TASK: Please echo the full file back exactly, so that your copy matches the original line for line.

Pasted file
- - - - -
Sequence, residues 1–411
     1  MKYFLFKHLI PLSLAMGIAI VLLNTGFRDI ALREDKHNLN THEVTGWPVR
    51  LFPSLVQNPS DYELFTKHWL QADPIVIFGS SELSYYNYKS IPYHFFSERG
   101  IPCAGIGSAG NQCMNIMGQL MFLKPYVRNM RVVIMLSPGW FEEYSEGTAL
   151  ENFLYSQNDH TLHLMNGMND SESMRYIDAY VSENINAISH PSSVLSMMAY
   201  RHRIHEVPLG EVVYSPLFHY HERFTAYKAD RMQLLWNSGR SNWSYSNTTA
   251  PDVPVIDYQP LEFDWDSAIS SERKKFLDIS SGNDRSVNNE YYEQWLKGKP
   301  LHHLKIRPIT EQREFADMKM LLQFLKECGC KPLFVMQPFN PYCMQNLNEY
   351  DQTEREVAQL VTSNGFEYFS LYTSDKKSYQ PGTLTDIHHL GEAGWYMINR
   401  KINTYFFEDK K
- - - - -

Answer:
Sequence, residues 1–411
     1  MKYFLFKHLI PLSLAMGIAI VLLNTGFRDI ALREDKHNLN THEVTGWPVR
    51  LFPSLVQNPS DYELFTKHWL QADPIVIFGS SELSYYNYKS IPYHFFSERG
   101  IPCAGIGSAG NQCMNIMGQL MFLKPYVRNM RVVIMLSPGW FEEYSEGTAL
   151  ENFLYSQNDH TLHLMNGMND SESMRYIDAY VSENINAISH PSSVLSMMAY
   201  RHRIHEVPLG EVVYSPLFHY HERFTAYKAD RMQLLWNSGR SNWSYSNTTA
   251  PDVPVIDYQP LEFDWDSAIS SERKKFLDIS SGNDRSVNNE YYEQWLKGKP
   301  LHHLKIRPIT EQREFADMKM LLQFLKECGC KPLFVMQPFN PYCMQNLNEY
   351  DQTEREVAQL VTSNGFEYFS LYTSDKKSYQ PGTLTDIHHL GEAGWYMINR
   401  KINTYFFEDK K